Chapter III. The Punaluan Family

The Punaluan Family supervened upon the Consanguine. — Transition, how Produced. — Hawaiian Custom of Punalua. — Its probable ancient Prevalence over wide Areas. — The Gentes originated probably in Punaluan Groups. — The Turanian System of Consanguinity. — Created by the Punaluan Family. — It proves the Existence of this Family when the System was formed. — Details of System. — Explanation of its Relationships in their Origin. — Table of Turanian and Ganowanian Systems of Consanguinity and Affinity.

Chapter IV. The Syndyasmian and the Patriarchal Families

The Syndyasmian Family. — How Constituted- — Its Characteristics. — Influence upon it of the Gentile Organization. — Propensity to Pair a late Development. — Ancient Society should be Studied where the highest Exemplifications are found. — The Patriarchal Family. — Paternal Power its Essential Characteristic. — Polygamy subordinate. — The Roman Family similar — Paternal Power unknown in previous Families.

Chapter V. Monogamian Family

This family comparatively Modern. — The term Familia. — Family of Ancient Germans — Of Homeric Greeks. — Of Civilized Greeks. — Seclusion of Wives. — Obligations of Monogamy not respected by the males. — The Roman Family. — Wives under Power. — Aryan System of Consanguinity. — It came in under Monogamy. — Previous System probably Turanian. — Transition from Turanian into Aryan. Roman and Arabic Systems of Consanguinity. — Details of the Former. — Present Monogamian Family. — Table of Roman And Arabic Systems.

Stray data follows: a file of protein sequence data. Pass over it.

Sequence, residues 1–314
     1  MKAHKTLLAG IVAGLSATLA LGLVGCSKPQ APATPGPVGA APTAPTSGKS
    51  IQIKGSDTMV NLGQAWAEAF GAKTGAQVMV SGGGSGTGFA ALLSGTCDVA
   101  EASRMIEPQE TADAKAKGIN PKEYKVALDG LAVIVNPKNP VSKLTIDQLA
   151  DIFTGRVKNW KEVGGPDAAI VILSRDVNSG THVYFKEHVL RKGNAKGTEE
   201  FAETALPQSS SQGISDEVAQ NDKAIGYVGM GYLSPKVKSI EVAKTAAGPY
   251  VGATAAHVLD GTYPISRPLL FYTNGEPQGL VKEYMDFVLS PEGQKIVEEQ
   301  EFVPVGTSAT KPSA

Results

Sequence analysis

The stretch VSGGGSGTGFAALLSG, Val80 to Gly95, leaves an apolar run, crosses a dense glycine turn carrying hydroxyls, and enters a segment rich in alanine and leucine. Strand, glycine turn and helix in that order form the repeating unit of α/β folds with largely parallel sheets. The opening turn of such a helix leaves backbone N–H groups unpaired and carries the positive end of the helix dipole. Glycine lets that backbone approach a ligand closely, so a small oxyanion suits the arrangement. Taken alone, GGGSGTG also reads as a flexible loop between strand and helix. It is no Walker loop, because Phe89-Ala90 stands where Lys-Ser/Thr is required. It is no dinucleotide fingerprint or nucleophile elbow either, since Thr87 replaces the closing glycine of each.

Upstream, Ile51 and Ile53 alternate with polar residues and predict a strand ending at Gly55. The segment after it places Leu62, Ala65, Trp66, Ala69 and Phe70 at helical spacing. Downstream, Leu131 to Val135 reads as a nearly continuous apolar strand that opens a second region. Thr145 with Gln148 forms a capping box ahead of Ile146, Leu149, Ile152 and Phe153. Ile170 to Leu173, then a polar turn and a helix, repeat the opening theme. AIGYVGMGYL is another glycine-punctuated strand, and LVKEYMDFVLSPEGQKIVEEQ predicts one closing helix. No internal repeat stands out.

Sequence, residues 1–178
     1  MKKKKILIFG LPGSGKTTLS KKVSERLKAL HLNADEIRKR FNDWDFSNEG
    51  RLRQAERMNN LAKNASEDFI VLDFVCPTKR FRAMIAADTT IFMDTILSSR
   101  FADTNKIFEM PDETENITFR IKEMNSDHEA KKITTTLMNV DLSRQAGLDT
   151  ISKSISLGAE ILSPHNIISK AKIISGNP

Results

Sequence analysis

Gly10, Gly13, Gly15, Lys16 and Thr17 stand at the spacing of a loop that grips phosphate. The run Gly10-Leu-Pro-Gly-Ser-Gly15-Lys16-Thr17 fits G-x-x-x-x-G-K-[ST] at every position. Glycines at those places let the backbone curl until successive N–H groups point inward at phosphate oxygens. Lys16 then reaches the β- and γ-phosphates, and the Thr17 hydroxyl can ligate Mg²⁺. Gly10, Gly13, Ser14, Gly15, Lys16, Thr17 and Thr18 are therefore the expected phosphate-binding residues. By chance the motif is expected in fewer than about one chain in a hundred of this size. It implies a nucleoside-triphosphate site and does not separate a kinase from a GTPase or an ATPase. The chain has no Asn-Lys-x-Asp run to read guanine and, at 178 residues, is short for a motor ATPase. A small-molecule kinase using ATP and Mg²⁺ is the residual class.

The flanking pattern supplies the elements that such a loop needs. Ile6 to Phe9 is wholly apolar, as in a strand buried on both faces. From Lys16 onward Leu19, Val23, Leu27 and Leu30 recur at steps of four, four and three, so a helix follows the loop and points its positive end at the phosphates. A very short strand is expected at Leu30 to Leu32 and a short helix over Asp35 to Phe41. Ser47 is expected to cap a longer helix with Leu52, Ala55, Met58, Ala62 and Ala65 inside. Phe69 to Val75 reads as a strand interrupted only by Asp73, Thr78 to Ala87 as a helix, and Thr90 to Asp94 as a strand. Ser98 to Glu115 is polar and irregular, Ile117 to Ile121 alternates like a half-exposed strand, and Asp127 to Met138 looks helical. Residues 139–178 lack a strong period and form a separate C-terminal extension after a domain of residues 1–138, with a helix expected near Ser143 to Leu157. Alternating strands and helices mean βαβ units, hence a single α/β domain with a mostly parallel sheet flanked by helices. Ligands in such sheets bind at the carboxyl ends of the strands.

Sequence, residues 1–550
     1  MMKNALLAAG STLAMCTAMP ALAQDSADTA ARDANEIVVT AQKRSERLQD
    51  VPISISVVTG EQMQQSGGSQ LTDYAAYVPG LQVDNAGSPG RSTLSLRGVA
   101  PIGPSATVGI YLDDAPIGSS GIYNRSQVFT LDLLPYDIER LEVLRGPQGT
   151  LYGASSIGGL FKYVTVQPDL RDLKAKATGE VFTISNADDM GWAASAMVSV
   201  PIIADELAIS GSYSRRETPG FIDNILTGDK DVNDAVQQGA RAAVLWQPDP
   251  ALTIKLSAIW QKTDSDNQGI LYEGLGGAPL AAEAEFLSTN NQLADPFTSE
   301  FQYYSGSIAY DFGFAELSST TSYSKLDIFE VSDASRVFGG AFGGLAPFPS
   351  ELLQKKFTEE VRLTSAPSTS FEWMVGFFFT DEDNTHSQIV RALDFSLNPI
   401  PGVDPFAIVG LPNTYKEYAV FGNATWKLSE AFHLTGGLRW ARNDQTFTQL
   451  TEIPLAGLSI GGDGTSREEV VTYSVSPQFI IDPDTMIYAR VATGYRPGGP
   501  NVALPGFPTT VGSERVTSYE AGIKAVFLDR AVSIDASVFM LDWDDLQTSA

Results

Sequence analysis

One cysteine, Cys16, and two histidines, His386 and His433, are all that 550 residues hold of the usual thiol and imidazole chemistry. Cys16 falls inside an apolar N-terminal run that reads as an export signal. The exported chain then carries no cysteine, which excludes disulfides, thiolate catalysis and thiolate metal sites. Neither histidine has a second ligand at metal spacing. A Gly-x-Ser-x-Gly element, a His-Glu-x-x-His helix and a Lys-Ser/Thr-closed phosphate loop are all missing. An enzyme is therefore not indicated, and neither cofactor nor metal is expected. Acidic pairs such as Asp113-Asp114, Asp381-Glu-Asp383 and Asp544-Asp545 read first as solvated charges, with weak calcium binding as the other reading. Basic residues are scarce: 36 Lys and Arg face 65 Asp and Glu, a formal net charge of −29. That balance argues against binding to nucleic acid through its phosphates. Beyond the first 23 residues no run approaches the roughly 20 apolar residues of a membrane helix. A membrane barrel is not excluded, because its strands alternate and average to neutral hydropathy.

Chapter VI. Sequence of Institutions Connected with the Family

Sequence in part Hypothetical. — Relation of these Institutions in the Order of their Origination. — Evidence of their Origination in the Order named. — Hypothesis of Degradation Considered. — The Antiquity of Mankind.

A Note. On Mr. J. F. McLennan’s “Primitive Marriage.”.

Part IV
Growth of the Idea of Property

Chapter I. The Three Rules of Inheritance

Property in the Status of Savagery. — Slow Rate of Progress. — First Rule of Inheritance. — Property Distributed among the Gentiles. — Property in the Lower Status of Barbarism. — Germ of Second Rule of Inheritance. — Distributed among Agnatic Kindred. — Improved Character of Man. — Property in Middle Status. — Rule of Inheritance imperfectly Known. — Agnatic Inheritance probable.

Chapter II. Three Rules of Inheritance — Continued

Property in the Upper status of Barbarism. — Slavery. — Tenure of Lands in Grecian Tribes. — Culture of the Period. — Its Brilliancy. — Third Rule of Inheritance. — Exclusively in Children. — Hebrew Tribes. — Rule of Inheritance. — Daughters of Zelophehad. — Property remained in the phratry and probably in the Gens. — The Reversion. — Athenian Inheritance. — Exclusively in Children. — The Reversion — Inheritance remained in the Gens. — Heiresses. — Wills. — Roman Inheritance. — The Reversion. — Property remained in the Gens. — Appearance of Aristocracy. — Property Career of Human Race. — Unity of Origin of Mankind.